Do you talk to your grandma the same way you talk to your best friend? We hope not.
Too many brands focus on what they say and not enough on who they’re saying it to.
Who you are delivering a message to, and how you deliver it, are both crucial to the overall effectiveness of the message.
This is where brand personas come in handy.
What is a Buyer Persona?
Simply put, a buyer persona is a semi-fictional person that your brand identifies as their ideal customer. This persona is built with market research and data you have from existing customers.
A buyer persona has a name, gender, and age- just like a real person.
After identifying the basics of your buyer, you can move into psychographics and give them an education level, profession, personality, pain point, goals and more.
Take this example from OptinMonster; it’s thorough, concise, and realistic. It also gets bonus points for being organized and color coordinated.
Notice the quote in the bottom left hand corner. This is a real quote from one of their customers and is a common addition to many buyer personas.
Buyer quotes are acquired during market research and are valuable tidbits that bring reality to your semi-fictional creation.
A business (or in this case, an organization) can have more than one buyer persona, however, be careful not to create too many. Having too many personas in your sights can make it harder to create consistent messaging, potentially leading to diluted messaging that isn't great for any of your personas.
When you’re done creating your persona(s), send it around to your teammates and let everyone get acquainted with your creation. The more familiar everyone is with the ideal buyer, the easier it is to have consistent marketing.
Why Fundraisers Need Donor Personas
A buyer persona is important for learning about your customers and crafting a marketing strategy to appeal to them.
This creates standards for content and allows your brand to maintain consistency across your communications.
According to Hubspot, buyer personas help you identify your audience's interests, goals, and pain points, which are useful in attracting new leads to your business and converting current leads into customers.
Buyer personas are not just for businesses selling a product.
They can also be useful for fundraisers who are selling an idea or service, like us.
Enter the ‘Donor Persona’, which is similar to a Buyer Persona but with slightly different goals.
A donor persona is essentially a buyer persona, but instead of focusing on selling a product or service, we are selling an idea and a mission.
Donor personas are focused more on motivation, emotions and what drives giving behavior.
A large part of successful fundraising is knowing who is most likely to connect to your mission and how to storytell in a way that encourages your audience to take action. Without knowing who you are talking to, it is hard to know what to ask and how to ask it.
Learning donor personas makes your asks more personal and less like a sales pitch- which is crucial for gaining donor trust and loyalty.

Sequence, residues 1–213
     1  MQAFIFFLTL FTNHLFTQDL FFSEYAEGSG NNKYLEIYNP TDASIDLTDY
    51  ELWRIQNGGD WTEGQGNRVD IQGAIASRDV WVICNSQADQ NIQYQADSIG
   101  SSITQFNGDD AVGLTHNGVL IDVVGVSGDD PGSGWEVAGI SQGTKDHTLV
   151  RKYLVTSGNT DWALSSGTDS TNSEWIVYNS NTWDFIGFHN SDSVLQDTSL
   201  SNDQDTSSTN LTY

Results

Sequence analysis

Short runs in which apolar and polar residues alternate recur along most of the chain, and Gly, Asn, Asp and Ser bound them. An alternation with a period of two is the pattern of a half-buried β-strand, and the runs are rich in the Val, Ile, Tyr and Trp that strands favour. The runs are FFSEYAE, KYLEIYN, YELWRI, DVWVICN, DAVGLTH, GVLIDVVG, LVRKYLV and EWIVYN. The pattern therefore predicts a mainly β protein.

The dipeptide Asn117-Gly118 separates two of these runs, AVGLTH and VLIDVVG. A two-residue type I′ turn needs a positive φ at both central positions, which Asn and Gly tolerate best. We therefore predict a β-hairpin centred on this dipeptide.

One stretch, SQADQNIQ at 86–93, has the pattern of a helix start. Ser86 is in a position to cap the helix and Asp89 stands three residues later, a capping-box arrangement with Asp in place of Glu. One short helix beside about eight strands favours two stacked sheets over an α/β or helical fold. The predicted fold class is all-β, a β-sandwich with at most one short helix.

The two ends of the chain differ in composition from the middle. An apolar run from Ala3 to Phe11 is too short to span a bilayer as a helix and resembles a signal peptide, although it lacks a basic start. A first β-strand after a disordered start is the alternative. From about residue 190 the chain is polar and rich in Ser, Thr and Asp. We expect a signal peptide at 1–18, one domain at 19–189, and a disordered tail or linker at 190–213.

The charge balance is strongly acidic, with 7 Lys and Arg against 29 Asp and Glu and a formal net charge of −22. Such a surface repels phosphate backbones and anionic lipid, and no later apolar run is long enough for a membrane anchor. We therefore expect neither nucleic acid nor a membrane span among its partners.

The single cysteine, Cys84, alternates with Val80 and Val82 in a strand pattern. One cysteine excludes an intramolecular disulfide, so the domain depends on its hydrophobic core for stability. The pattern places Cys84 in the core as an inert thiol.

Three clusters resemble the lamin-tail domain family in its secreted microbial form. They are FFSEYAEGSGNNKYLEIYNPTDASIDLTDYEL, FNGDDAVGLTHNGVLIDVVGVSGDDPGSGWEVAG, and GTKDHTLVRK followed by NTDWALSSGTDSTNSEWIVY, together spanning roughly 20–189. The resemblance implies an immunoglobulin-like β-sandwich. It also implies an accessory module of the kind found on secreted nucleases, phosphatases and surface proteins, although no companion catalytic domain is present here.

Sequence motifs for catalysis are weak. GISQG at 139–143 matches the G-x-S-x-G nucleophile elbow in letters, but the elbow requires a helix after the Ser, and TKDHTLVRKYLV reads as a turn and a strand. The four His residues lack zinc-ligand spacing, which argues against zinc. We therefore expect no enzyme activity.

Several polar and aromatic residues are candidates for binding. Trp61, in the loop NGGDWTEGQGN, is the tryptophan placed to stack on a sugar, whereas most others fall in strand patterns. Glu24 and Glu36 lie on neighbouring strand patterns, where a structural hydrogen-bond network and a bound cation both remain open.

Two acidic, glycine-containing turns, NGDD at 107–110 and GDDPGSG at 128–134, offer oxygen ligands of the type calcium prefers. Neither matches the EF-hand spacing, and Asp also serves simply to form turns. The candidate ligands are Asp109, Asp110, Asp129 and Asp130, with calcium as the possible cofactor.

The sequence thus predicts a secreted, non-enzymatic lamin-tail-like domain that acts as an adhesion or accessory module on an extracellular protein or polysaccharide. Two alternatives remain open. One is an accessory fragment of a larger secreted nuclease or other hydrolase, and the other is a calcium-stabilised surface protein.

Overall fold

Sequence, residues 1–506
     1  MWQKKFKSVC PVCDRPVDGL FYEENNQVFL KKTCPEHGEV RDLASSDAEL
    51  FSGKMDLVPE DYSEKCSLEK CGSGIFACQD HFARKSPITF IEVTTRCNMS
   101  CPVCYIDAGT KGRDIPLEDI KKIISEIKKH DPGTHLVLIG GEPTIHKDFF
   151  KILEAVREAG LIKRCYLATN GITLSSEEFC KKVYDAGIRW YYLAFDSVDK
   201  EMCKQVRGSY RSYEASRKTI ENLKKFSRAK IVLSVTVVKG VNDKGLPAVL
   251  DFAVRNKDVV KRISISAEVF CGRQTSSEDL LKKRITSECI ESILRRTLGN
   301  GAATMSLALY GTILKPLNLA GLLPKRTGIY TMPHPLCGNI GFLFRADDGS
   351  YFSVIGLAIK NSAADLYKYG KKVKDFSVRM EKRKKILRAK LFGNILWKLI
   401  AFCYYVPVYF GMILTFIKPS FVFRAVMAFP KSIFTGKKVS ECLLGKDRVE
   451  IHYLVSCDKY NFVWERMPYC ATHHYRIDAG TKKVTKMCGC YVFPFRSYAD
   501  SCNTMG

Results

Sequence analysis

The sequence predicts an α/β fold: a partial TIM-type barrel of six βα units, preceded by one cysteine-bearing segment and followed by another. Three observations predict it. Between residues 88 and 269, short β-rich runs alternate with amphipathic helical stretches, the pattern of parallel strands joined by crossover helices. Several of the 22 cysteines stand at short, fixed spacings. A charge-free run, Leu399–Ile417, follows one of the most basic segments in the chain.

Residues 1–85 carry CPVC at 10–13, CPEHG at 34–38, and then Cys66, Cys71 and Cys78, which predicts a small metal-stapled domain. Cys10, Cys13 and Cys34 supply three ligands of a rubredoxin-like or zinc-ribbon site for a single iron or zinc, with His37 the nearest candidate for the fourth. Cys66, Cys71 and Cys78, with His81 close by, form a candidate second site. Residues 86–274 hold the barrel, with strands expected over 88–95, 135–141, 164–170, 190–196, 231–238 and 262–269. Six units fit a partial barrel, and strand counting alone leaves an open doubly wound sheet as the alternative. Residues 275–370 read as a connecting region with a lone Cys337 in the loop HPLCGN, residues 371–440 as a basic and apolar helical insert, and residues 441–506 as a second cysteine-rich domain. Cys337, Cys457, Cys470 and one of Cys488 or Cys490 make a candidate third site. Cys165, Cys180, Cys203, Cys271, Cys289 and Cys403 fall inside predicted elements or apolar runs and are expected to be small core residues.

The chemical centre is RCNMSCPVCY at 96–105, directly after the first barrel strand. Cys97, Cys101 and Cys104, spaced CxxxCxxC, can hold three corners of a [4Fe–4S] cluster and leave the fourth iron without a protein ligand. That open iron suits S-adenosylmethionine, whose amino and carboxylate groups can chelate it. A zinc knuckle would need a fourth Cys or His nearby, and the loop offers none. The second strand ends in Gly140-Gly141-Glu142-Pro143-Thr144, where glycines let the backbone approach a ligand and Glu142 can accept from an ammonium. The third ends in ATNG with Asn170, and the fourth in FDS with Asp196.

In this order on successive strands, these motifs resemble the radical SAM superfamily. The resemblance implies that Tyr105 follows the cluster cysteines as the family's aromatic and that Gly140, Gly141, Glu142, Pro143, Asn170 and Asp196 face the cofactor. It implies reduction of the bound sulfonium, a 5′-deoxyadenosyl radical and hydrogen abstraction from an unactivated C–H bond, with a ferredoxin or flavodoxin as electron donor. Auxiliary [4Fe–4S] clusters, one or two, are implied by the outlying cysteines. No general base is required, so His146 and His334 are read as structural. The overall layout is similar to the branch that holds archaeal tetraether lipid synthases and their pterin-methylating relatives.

How to create a Donor Persona
To create a donor persona, start by looking at your existing donors first. Do they have any consistencies in age, gender, profession, etc.?
Interview loyal donors and ask them questions pertaining to their personal interest in your mission. Try to discover more about them beyond what you can determine by looking at them. Google Surveys are a great option for surveying your email list, and it’s free!
Classy suggests following every question with “Why?” to better understand potential donors’ goals, behaviors, and what drives them to give.
To take it a step further, we believe that “What, Why, When, Where, and How” questions are crucial when understanding your donors.
Here are some example questions:
What convinced you to make a donation?
Why are you connected to our mission?
When did you decide you wanted to get financially involved with our mission?
Where do you interact with our brand the most?
How do you determine your level of giving?
These pointed questions help determine the effectiveness of your content in converting leads into donors. If you are looking for more in-depth questions to ask, this resource from Classy is a great place to start.
Although fundraisers aren’t selling a product, they are selling an idea and a cause and are still trying to acquire funds. With that said, buyer personas and donor personas have many overlaps. Here is an example of a donor persona from The Modern Nonprofit:
The main difference between a buyer and donor persona is understanding the motivation behind a donors behavior. Fundraisers are focused less on pain points and more on emotions, which is evident in not only the motivation section of the profile, but also in the application of the data.
Remember that the main goals in creating a donor persona are to better understand your target audience, where they get their information, and how you can reach them.
Once you determine those aspects, you can work on creating content custom fit for your ideal donor and start attracting more of them!
Reaching your audience is difficult when you are not sure who your audience is. When creating a donor persona, begin with your existing donors and extrapolate the details of your ideal donors.
Then you can use this information to create more informed marketing materials that draw and retain your audience.
Who is your ideal buyer or donor? Do they have a name? Tell us in the comments below or on social!